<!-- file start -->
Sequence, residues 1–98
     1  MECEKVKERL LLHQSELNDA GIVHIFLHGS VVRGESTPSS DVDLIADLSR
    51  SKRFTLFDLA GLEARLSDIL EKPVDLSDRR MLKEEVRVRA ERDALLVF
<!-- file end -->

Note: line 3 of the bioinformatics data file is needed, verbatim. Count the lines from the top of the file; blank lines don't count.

    51  SKRFTLFDLA GLEARLSDIL EKPVDLSDRR MLKEEVRVRA ERDALLVF